In terms of leverage ratios, a smaller leverage ratio denotes less leverage. For example, if the debt-to-asset ratio is 0.1, it signifies that debt funds 10% of assets while equity funds the remaining 90%. A lower leverage ratio also indicates that debt is used to fund fewer assets or capital. This is appealing to banks and creditors because it represents less existing risk.

#3. Coverage and Credit Analysis Ratios

Coverage ratios assess the amount of coverage provided by revenue, cash, or assets for debt or interest expenditures. So, the bigger the coverage ratio, the greater a company’s capacity to satisfy its financial obligations.

Coverage ratios include the following:

  • The ratio of interest coverage
  • Debt-service-to-income ratio
  • The ratio of cash coverage
  • The ratio of asset coverage

#4. Liquidity Ratio

Liquidity ratios demonstrate a company’s ability to transform assets into cash. In credit analysis, the ratios demonstrate a borrower’s ability to repay current debt. Higher liquidity ratios indicate that a corporation is more liquid and, as a result, can pay off outstanding obligations more readily.

Among the liquidity ratios are:

Read Also: Liquidity Ratio: Types, Formulas and Calculations


Credit analysis is the examination of a borrower’s loan application to evaluate whether the firm generates sufficient cash flows to meet its debt commitments. So, the credit analysis process entails gathering information from the borrower, assessing the data, and deciding whether or not to authorize the loan.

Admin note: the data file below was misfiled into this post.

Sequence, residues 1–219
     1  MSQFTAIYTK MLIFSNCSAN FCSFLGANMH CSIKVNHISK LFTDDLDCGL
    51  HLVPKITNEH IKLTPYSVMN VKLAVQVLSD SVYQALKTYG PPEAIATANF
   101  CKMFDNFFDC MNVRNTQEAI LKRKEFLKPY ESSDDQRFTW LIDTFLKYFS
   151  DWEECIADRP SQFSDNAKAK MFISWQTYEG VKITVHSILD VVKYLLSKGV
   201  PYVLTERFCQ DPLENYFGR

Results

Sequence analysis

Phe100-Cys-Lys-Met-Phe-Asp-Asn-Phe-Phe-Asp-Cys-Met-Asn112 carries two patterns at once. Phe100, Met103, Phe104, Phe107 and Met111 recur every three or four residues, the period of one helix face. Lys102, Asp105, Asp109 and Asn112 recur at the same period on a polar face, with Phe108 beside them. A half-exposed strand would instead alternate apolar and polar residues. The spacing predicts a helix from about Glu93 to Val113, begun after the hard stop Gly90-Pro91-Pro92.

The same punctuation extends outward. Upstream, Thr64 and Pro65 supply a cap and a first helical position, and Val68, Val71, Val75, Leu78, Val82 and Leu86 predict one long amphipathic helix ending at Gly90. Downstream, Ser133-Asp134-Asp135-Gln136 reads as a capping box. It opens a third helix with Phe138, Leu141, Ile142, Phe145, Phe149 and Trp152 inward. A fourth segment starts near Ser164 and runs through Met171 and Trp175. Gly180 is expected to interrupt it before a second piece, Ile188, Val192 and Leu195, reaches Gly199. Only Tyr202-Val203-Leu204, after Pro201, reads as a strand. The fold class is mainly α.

A credit analyst determines a borrower’s creditworthiness using numerous approaches such as ratio analysis, trend analysis, cash flow analysis, and predictions.

Credit Analysis Frequently Asked Questions

What are the tools of credit analysis?

A credit analyst uses numerous credit analysis tools such as ratio analysis, trend analysis, cash flow analysis, and predictions.

What are 5 C's of credit analysis?

The five Cs of credit analysis are character, capacity, capital, collateral, and conditions.

Is it hard to be a credit analyst?

Working as a credit analyst can be a demanding profession. It implies you select whether or not an individual or a business can make a transaction and at what interest rate. It is a significant duty that should not be treated lightly.

  1. Liquidity Ratio: Types, Formulas, and Calculations
  2. 5 Cs of Credit: Why Are They Important? (+ Detailed Guide for Beginners)
  3. Cash Ratio: Formula, Calculations & Examples
  4. Financial Leverage: Simple Guide to help you get started, with Examples (+ quick tips)

Leave a Reply

Your email address will not be published. Required fields are marked *

You May Also Like